YOUR GLOBAL RUNDOWN
- Seventy-one rivers in China exceed warning levels and officials expect big floods in the coming months.
- Water infrastructure in Gaza remains impaired following a cease-fire agreement with Israel.
- Drought in Mexico’s northern Chihuahua state is hurting the production of Indigenous farmers.
In northeast India, one of the world’s smallest ethnic groups is confronting environmental problems that they trace to mining operations across the border in Bhutan.
“The mining in Bhutan has been making life difficult for us but no one seems to be bothered. The natural streams that once remained full of water have died. We have to depend on a lone active stream inside the forest for our daily water needs. But it also fails to fulfill our requirements during the extreme summers.” — Reshma Toto, a 22-year-old who is a member of one of the world’s smallest ethnic groups, the Toto. The Third Pole reports that streams in the village of Totopara, in the Indian state of West Bengal, have gone dry. Villagers blame the loss on quarries and stone crushing operations upstream, in Bhutan. Many residents now pipe water from the forest stream, or walk three to four kilometers to gather water from wells.
IN RECENT WATER NEWS
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After months of research and interviews with dozens of authorities on five continents, WASH Within Reach unravels the complexity of a global sector that now spends over $20 billion a year and is on its way to achieving the United Nations’ Sustainable Development Goal (SDG) 6: clean water, safe sanitation, and hygiene for everyone on Earth by 2030.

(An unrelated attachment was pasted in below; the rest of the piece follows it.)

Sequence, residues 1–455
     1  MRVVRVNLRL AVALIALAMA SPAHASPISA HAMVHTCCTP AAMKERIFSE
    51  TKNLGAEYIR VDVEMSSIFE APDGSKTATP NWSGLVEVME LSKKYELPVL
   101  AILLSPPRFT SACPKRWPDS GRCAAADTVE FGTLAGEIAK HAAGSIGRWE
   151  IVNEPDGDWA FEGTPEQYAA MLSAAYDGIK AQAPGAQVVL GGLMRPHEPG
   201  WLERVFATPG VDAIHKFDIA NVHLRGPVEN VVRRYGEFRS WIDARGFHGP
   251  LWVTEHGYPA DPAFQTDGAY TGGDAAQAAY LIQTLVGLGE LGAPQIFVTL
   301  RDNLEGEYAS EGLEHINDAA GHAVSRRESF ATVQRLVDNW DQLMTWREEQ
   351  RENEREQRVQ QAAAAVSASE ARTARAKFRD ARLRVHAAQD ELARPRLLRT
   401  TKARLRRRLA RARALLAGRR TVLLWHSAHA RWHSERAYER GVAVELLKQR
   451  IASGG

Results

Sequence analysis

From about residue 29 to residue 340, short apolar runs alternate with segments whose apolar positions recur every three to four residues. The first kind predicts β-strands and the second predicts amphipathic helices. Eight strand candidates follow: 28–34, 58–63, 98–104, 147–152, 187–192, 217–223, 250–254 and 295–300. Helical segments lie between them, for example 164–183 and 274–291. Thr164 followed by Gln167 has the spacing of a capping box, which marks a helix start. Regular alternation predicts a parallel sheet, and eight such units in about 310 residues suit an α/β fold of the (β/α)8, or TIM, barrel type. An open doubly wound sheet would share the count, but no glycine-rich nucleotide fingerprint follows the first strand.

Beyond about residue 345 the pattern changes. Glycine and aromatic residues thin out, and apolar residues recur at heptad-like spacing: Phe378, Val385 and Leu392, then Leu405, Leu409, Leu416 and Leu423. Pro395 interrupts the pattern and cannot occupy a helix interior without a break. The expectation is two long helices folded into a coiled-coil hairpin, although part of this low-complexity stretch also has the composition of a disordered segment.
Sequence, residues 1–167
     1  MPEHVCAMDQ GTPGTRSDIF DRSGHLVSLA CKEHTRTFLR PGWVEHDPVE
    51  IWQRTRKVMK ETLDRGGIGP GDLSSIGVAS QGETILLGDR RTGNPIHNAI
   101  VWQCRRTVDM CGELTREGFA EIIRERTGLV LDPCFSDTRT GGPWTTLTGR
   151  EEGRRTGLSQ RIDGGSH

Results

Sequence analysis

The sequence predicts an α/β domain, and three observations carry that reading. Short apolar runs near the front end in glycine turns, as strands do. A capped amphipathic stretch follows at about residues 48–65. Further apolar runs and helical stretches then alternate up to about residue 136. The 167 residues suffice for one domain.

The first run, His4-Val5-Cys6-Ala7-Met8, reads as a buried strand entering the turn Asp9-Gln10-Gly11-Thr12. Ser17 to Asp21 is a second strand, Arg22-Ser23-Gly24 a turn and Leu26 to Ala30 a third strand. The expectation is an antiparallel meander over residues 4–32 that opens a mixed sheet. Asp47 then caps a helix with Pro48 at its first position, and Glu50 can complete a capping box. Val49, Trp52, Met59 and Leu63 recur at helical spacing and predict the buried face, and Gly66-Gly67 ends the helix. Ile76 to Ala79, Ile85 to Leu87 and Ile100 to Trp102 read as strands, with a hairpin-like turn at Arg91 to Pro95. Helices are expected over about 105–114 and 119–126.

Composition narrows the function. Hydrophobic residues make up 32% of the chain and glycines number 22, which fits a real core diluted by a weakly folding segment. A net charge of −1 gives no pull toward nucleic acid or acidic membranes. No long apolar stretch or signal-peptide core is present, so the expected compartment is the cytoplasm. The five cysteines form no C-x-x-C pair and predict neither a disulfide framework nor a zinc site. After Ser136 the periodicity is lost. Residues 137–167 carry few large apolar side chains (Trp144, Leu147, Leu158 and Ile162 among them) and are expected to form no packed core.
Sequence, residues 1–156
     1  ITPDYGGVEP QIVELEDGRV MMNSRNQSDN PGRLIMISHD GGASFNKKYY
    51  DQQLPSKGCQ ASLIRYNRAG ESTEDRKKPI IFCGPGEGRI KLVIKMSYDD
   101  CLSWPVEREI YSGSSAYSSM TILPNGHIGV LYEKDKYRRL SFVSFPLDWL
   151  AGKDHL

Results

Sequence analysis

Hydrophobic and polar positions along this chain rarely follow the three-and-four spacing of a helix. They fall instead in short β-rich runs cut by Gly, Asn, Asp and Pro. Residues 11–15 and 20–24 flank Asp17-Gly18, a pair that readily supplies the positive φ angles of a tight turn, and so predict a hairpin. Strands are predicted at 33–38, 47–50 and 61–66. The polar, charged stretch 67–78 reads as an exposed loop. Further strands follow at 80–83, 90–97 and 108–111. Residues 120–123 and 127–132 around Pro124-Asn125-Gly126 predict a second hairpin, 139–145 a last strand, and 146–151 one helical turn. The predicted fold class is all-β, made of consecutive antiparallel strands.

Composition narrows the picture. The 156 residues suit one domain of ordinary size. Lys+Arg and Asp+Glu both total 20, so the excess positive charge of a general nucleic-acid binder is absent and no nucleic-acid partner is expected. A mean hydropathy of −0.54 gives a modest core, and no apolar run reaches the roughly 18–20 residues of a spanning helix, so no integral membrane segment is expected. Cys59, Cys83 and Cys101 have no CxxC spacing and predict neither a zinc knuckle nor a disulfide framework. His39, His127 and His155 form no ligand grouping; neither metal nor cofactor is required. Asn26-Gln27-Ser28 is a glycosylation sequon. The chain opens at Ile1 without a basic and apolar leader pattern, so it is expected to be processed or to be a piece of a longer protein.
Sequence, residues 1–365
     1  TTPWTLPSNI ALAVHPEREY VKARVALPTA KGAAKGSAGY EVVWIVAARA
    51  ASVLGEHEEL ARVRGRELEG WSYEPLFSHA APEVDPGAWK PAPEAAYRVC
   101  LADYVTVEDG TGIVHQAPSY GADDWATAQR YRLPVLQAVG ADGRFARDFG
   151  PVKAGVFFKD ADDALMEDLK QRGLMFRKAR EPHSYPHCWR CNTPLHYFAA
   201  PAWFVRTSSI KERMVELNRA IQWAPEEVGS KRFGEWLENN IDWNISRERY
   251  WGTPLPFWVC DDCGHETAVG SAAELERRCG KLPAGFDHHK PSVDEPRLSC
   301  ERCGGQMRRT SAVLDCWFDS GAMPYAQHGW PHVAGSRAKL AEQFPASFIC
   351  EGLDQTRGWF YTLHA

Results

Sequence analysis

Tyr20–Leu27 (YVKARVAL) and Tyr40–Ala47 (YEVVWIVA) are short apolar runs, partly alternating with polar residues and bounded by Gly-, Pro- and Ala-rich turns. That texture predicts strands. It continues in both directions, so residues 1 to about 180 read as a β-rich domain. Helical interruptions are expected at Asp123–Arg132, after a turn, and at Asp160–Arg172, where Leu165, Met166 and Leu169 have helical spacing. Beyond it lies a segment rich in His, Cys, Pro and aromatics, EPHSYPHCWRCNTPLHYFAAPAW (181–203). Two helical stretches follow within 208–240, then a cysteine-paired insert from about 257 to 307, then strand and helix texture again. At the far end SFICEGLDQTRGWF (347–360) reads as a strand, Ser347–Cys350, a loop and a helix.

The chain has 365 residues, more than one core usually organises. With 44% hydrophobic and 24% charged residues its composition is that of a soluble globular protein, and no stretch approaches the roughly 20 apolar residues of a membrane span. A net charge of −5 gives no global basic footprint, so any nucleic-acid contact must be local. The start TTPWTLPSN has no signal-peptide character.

In Case You Missed It:
The Central California Town That Keeps Sinking
How Corcoran came to dip nearly 12 feet in more than a decade is a tale not of land but of water, and the ways in which, in ag-dominated Central California, water is power — so much so that many residents and local leaders downplay the town’s sinkage or ignore it entirely.
This piece is part of the Tapped Out collaboration, exploring power, justice, and water in the West.
Drought Cuts Farm Output in Mexico’s Chihuahua State
Production of corn, beans, potatoes, and forage sorghum fell by 90 percent in districts of southern Chihuahua state, El Heraldo de Chihuahua reports. Most of the farmers in the districts are Indigenous, who grow crops for subsistence. The drought has become a key issue in the state governor’s race. The election is scheduled for June 6.
TODAY’S TOP WATER STORIES, TOLD IN NUMBERS
People in Gaza — one-fifth of the population — who do not have regular access to a clean drinking water supply, according to the aid group Oxfam. Water and electric systems in the coastal enclave were damaged during 11 days of Israeli airstrikes earlier this month. A cease-fire agreement on May 20 paused the barrage.
ON THE RADAR
Officials at China’s Ministry of Water Resources warned of the potential for major flooding again this summer, especially in the central and southern regions. Reuters reports that 71 rivers have exceeded warning levels and the Yangtze through the city of Wuhan is more than two meters above normal. Last year, heavy rainfall in the Yangtze basin triggered widespread flooding, which is expected to worsen in the region along with the buildup of heat-trapping gases in the atmosphere.
Brett writes about agriculture, energy, infrastructure, and the politics and economics of water in the United States. He also writes the Federal Water Tap, Circle of Blue’s weekly digest of U.S. government water news. He is the winner of two Society of Environmental Journalists reporting awards, one of the top honors in American environmental journalism: first place for explanatory reporting for a series on septic system pollution in the United States(2016) and third place for beat reporting in a small market (2014). He received the Sierra Club’s Distinguished Service Award in 2018. Brett lives in Seattle, where he hikes the mountains and bakes pies. Contact Brett Walton